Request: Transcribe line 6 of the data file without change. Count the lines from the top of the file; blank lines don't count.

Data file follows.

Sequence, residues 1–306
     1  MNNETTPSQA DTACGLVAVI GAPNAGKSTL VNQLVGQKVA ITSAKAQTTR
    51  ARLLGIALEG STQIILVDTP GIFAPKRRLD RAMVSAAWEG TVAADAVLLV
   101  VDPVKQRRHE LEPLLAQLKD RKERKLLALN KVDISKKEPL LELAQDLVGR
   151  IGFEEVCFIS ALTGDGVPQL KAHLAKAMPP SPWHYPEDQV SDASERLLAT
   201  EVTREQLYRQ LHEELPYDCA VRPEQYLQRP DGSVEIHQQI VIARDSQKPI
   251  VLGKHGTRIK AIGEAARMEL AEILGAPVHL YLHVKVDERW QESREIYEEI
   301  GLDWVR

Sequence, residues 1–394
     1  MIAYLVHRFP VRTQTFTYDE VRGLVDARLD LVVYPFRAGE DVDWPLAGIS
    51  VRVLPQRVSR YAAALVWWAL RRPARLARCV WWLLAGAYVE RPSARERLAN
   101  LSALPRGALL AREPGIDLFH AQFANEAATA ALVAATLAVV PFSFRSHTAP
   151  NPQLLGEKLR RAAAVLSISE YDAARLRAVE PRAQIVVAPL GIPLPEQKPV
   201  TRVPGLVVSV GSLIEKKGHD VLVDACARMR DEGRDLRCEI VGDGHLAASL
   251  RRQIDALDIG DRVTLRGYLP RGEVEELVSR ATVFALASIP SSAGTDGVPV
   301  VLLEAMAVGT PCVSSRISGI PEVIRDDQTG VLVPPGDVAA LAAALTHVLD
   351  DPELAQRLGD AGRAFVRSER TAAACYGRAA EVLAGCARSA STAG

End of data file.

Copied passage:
   201  EVTREQLYRQ LHEELPYDCA VRPEQYLQRP DGSVEIHQQI VIARDSQKPI